q 0|3ij = pr(0 FP's in last 3 screenings) = (1 - b 2ij ) (1 - b 3ij ) (1 - b 4ij ),
q 2|2ij = pr(2 FP's in last 2 screenings) = b 3ij b 4ij ,
q 1|2ij = pr(1 FP in last 2 screenings) = b 3ij (1 - b 4ij ) + (1 - b 3ij ) b 4ij ,
q 0|2ij = pr(0 FP's in last 2 screenings) = (1 - b 3ij ) (1 - b 4ij ),
q 1|1ij = pr(1 FP in last screening) = b 4ij ,
q 0|1ij = pr(0 FP's in last screening) = 1 - b 4ij .
An important special case occurs when the probabilities of FP do not vary with screening number. This case is important because it allows extrapolation to additional screenings. With a 2ij = b tij0 and b ij = b tij1 for t = 2,3,...,n, the estimated probability of at least one FP in n screenings is
p ij (n) = 1 - (1 - a 1i ) (1 - a 2ij ) n , (8)
and the estimated expected number of FP's in n screenings is
The most difficult part of implementation is computing the variance. The asymptotic variances are
where θ = (α0, α age(i), β0, β age(i), β time(j), β screen(t), β FP(k)). By using computer software for symbolic derivatives , it is not hard to compute (8). Alternatively one could compute confidence intervals by using a bootstrap approach .
We applied the methodology to data on 4 annual screenings in the Health Insurance Program of Greater New York (HIP) breast cancer screening study . Starting in 1963, approximately 60,000 women were randomly assigned to either a study group invited for four annual mammograms and physical examinations or to a control group that received no screening within the study. Approximately 1/3 of the subjects in the study group refused the first screening and received no screenings. Our analysis focused on the vast majority of screened women who were between ages 40 and 64. In HIP, our broad definition of a false positive was either (i) breast biopsy in which no cancer was detected or (ii) early re-examination with either clinical or radiological recommendation and no cancer detected on diagnostic work-up. Our narrow definition was (i).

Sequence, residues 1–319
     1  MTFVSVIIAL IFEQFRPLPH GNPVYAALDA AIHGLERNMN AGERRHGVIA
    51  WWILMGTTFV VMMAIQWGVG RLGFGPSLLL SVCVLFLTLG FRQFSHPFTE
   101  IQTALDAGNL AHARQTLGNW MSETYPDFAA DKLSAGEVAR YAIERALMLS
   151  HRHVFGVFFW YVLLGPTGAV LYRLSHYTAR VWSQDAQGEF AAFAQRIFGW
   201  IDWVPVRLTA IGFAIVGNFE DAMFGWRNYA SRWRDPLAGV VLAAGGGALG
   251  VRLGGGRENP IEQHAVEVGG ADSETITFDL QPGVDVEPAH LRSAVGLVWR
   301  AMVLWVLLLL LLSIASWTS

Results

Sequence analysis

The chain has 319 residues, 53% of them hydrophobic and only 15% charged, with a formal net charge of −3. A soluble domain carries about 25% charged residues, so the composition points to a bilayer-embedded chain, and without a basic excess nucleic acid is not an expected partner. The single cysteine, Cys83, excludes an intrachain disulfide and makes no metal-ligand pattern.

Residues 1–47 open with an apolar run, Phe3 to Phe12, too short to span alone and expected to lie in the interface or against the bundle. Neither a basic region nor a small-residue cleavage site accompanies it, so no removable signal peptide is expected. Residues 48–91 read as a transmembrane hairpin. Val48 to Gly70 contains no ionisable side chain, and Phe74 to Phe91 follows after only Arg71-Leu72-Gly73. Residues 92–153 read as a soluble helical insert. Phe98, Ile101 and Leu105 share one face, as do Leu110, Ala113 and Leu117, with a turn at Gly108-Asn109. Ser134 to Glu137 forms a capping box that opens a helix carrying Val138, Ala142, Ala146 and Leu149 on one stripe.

Parameter estimates (standard errors) from logistic regression models for FP's
model for initial FP
α age (2)
α age (3)
α age (4)
α age (5)
model for subsequent FP's
β age (2)
β age (3)
β age (4)
β age (5)
β time (2)
β time (3)
β time (4)
β screen (3)
β screen (4)
Question 1. "If I were to have n number of screening tests and stick to the schedule what are the chances that at least one will be a false positive?"
Question 2. How many unnecessary biopsies or work-ups am I likely to need if I start on the screening program and adhere to the schedule?"
Question is answered by the estimates in (6) and (8). Question 2 is answered by estimates in (7) and (9). For an economic analysis Question 2 is particularly useful as it would help an analyst assign monetary costs to the cumulative burden of FP's. Both questions are clearly important to the patient.
Defining a FP as an unnecessary biopsy, we could not reject a model for (1) with only a constant (deviance = .27 on 4 d.f, p = .99) nor a model for (2) with a constant and a parameter for previous FP's (deviance = 3.66 on 9 d.f., p = .93). Consequently we think it is reasonable to extrapolate beyond 4 screenings using (8) and (9). In answer to Question 1, the estimated probability of at least one FP in 10 screenings is .08 with 95% confidence interval of (.07, .09). In answer to Question 2, the estimated expected number of FP's in 10 screenings is .11 with 95% confidence interval of (.10, .12).